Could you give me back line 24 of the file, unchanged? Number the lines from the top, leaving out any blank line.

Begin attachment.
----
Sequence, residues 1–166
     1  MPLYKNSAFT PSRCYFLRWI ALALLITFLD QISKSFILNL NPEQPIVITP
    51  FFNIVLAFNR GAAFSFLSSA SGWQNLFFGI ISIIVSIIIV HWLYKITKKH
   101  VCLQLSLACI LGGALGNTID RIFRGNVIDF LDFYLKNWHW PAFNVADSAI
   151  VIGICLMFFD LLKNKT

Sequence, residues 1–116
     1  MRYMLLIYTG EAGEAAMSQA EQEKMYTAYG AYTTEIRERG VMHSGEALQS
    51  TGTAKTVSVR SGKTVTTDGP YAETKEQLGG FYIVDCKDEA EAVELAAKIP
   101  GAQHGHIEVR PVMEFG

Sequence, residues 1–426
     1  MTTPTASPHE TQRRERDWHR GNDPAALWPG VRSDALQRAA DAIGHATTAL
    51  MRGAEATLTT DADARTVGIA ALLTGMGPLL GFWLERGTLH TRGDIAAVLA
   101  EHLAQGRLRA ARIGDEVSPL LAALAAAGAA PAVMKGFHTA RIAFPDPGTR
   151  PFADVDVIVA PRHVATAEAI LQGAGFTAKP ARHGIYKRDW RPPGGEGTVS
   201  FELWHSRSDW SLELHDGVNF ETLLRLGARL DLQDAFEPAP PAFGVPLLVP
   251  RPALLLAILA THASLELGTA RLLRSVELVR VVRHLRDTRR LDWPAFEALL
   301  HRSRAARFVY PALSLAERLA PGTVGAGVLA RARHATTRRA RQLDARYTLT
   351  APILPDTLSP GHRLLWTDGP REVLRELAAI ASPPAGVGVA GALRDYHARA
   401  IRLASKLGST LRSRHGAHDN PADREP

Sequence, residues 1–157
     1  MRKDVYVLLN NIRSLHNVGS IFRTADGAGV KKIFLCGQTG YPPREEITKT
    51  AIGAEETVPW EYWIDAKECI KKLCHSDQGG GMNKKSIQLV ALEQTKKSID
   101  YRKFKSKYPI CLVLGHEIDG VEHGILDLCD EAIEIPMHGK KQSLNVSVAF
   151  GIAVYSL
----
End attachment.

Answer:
   151  GIAVYSL